I don't agree with this at all. If this were the case, then a whole country - Canada - would be full of lazy speakers. It is a matter of regional difference in pronunciation. This was the topic of another thread about a year ago, when I expressed the same opinion of the word "often". I pronounce it with a silent "t" and was taught that way in school. It makes me cringe to hear people pronounce it with the "t". I was told by my teachers that it was "lazy and/or uneducated people" that pronounced it with the "t". If someone pronounced the "t", she would always ask "how do you pronounce this word?" and write the word "soften" on the blackboard.

I think a lot of the misuse of certain phrases can be chalked up to people not hearing all of the words and/or because people aren't enunciating fully, as in "for all intents and purposes" which a lot of people hear as "for all intensive purposes". A lot of these things irritate me as well, but the "often" one bothers me the most. My father would always call me out when we were young if I misused a phrase or word. I know now it was to point out my error, but at the time it felt like he was teasing me or trying to embarrass me. I always try to use correct grammar and punctuation when writing - even in casual on line forums.

Long post... I know. A couple more things... A couple words my mother mispronounces and it drives me crazy. She "sez" "Uptober" for October and "pa-tren" for pattern. The funniest misuse has to be from a "former" friend. She always tried to sound educated and would try to use big words all the time. One day she was going on about something she didn't want to do and she said "I don't relinquish the thought" when she meant "relish the though". My (other) friend and I still use that term to this day - about 25 years later. Now this other friend was at a swanky party thrown by her brother, who is a doctor. All is doctor friends were there and she was talking to them when the subject turned to the topic of the newly awarded Rhodes Scholar at the University of Manitoba. She was calling him a "rogue" scholar. I still chuckle to myself about it to this day.
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Old 03-01-2013, 02:28 PM   #131
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OH..I didn't read this entire thread...but A LOT is two words. One of my biggest pet peeves. I'm also tired of hearing/reading I seen. No..you SAW ...I could go on and on and on LOL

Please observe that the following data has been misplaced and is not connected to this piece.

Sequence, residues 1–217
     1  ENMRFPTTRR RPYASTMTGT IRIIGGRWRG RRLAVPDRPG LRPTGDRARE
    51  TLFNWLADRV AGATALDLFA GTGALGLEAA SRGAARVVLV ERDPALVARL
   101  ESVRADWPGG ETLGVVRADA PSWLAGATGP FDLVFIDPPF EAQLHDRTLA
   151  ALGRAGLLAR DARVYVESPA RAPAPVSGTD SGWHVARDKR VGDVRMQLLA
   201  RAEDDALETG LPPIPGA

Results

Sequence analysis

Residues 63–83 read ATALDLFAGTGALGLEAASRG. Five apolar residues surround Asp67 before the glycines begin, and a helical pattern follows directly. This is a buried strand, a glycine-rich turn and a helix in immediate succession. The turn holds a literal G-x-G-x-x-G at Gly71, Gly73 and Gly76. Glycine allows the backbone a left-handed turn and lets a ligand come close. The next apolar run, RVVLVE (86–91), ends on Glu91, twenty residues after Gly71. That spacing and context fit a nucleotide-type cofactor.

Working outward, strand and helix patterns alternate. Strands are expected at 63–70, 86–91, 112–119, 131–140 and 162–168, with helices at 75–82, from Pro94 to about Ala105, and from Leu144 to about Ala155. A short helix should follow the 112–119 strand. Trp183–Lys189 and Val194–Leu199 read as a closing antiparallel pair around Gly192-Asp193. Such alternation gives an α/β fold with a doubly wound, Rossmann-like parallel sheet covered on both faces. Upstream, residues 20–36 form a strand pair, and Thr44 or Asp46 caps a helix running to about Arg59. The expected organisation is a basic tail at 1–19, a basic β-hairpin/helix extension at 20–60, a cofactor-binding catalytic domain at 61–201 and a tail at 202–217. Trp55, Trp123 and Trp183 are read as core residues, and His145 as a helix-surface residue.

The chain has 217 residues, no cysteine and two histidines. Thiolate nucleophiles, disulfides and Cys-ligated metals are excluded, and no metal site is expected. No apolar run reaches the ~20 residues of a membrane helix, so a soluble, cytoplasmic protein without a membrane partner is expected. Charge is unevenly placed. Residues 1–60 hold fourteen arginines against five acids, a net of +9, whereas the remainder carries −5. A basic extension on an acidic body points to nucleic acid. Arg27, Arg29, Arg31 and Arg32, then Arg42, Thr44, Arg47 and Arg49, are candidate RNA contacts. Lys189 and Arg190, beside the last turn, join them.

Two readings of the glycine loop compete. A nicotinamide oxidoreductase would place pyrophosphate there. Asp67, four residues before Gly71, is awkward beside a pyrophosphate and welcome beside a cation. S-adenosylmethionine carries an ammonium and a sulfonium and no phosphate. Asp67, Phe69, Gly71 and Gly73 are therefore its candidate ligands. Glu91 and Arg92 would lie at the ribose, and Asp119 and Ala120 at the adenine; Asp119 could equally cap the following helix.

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Old 03-02-2013, 12:51 AM   #132
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I don't agree with this at all. If this were the case, then a whole country - Canada - would be full of lazy speakers. It is a matter of regional difference in pronunciation. This was the topic of another thread about a year ago, when I expressed the same opinion of the word "often". I pronounce it with a silent "t" and was taught that way in school. It makes me cringe to hear people pronounce it with the "t". I was told by my teachers that it was "lazy and/or uneducated people" that pronounced it with the "t". If someone pronounced the "t", she would always ask "how do you pronounce this word?" and write the word "soften" on the blackboard.
Dyslexics are told we are lazy speakers. That is my grammar pet peeve. I work so hard to speak and write correctly. I use my checkers on my computer. I am not a lazy speaker or writer

I say silent with a soft T even though I was taught not too say it with a T. I have a small speech impediment. I know I got the luck of the draw. I am dyslexic, Southern and a speech impediment. Trust me threads like these always make me self conscious. I do read everything so I can learn. I do get self conscious posting.

I do have a pet peeve word. My Mom always says the word potpourri as pot pour eeeee. Drives me insane.
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Old 03-02-2013, 08:08 AM   #133
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Maybe real-a-tors and nuke-u-lar scientists eat there after orientating!


the must be.
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Old 03-02-2013, 08:10 AM   #134
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Years ago, dh broke me of the habit of saying tuna fish, when he would ask me if a tuna fish was anything like a chicken bird. He also goes a little nuts when someone mentions an atm machine. I love him, though!

Mary
hahaha...lol



i need to quit saying tuna fish. I think I have. but next time I hear someone say tuna fish...I'm gonna ask if it's anything like a chicken bird.
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Old 03-02-2013, 06:45 PM   #135
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OK for me Tuna fish is in a tin. Tuna is a steak of tuna. So I totally understand LOL! TBH I think often "t" depends on colloquialisms. I don't really sweat it as it is a pronunciation and either way. It is malapropisms where people use the wrong word that sounds the same. It seems the world is moving to this and that is just worrying TBH.
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Old 03-05-2013, 04:48 PM   #136
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One thing that drives me nuts is when I hear people refer to Great Britain /United Kingdom as England.

England is NOT the whole of Great Britian - England is just one country within Great Britain.